Some teachers tell their students that when it's time for testing, they would ask their students to put their cell phones in a box and out of sight until it is over. They even ban cell phones altogether in classrooms.

Bad Reason #3: They Put Low-Income People Down

Not all students have cell phones. For most of them with tight budgets of lower incomes, owning one is only open for the affluent. Think about this: if the "haves" have them, how would the "have-nots" react? No matter how much they plead on bended knee or beg their parents, they deny it because of money.

Few but growing numbers of school districts motivate students to get their cell phones free of charge if they do good in school to break down the walls of social class. But that causes other problems and it goes back to the distraction game.


Teacher Wins Again!

Bad Reason #4: You Can't Focus In School

Besides annoying ringtones and vibrate modes, mobile phones can keep students focused on them and not their work. They can't pay attention to how they should play a concert band arrangement of a Bach work if they are texting their friends. They can't concentrate during note-taking in World Geography Honors if they are receiving calls.

It's hard to pay attention when students busy themselves with their phones, so why should they have them out? Basically, they know all too well that it's just the way it is.

Bad Reason #5: Privacy Breaches

With students having access to their phones, they compromise their privacy. If someone tells a girl to send him a picture of her in questionable taste, chances are that virtually everyone would know her. It's also a bullying tool as well as a weapon of harassment. Students can send insults, threats, or uncomfortable requests readily between each other if distant.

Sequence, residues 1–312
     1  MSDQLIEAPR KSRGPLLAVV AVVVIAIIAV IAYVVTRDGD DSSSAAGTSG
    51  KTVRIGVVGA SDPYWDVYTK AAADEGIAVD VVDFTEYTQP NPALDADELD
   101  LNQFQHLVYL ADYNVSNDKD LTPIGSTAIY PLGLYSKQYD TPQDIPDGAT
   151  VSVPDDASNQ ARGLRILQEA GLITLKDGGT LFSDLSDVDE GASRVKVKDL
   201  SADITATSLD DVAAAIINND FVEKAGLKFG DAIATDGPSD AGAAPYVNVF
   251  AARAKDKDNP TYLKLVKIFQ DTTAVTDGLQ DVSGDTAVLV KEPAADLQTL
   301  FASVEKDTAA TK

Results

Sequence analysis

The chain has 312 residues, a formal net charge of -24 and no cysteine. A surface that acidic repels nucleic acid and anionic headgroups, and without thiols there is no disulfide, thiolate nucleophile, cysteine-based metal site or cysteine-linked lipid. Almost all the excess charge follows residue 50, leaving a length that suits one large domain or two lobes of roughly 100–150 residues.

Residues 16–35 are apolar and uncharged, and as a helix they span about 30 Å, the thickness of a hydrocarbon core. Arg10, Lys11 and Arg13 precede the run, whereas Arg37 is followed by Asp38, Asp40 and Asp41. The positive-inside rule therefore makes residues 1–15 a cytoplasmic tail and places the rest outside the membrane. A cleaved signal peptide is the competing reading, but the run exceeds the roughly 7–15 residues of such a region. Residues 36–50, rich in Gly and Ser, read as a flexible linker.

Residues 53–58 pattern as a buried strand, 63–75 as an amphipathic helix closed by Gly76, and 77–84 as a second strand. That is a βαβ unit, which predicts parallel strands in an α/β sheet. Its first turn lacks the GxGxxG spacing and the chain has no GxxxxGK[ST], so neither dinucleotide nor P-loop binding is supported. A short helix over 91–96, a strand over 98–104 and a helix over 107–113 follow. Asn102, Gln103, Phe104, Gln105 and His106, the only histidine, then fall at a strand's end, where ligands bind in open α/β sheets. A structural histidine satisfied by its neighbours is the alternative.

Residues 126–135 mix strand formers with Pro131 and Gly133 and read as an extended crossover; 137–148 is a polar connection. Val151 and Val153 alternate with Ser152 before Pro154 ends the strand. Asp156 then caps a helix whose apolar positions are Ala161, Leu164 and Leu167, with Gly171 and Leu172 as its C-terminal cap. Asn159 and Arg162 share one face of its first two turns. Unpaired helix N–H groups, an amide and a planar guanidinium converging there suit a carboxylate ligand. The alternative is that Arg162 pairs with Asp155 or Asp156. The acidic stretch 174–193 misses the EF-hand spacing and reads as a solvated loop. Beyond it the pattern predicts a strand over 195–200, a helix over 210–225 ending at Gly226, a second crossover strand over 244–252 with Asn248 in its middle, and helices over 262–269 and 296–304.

School Policies

Policies on cell phone use vary from school district to school district.

In my former one, the first offense for using a cell phone in the class is confiscation, a phone call to the parent or guardian, and return. The second one includes all of the above plus a mandatory parent conference. The third one would include all of the above without return plus disciplinary actions including detention, work detail, and parent shadowing. Subsequent ones may even include out-of-school suspension.

In some places and situations, teachers just grab the offending pupil's phone and simply throw it to the ground, breaking it. That can be harsh to her, but that would teach her a harsher lesson.

Cell phones in class are OK, but under one condition. They have to use it during class only if there is an emergency or if they want to be picked up due to them feeling sick enough to stay home from class. They should not let their little communication devices get in the way of learning. They should immerse themselves in skills needed for later life, not just how their friends and family are doing.

I was proud to not have a cell phone in my high school days. Because of policies regarding use, I never had bought one in my teens!

He Can't Stress That Enough! Have Your Kids Save Their Phones Only For Emergencies!

Have You Used A Cell Phone at School?

  • Yes - only for emergencies.
  • Yes - I did that for everything
  • No - my parents wouldn't let me.
  • No - I didn't feel like it.
  • No, I was born before cell phones.
  • No, but my kids do it.
  • I don't know.
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Comments 2 comments

BobbiRant profile image

BobbiRant 6 years ago from New York

But, with the increased threat of violence on campuses today, it is a good idea to have one of these devices. It used to be schools were safe places to be, not anymore. Good hub.


kookies555 profile image

kookies555 5 years ago from In middle school at Tech lab or at home on computer

I really enjoyed this article, definitely worth the read!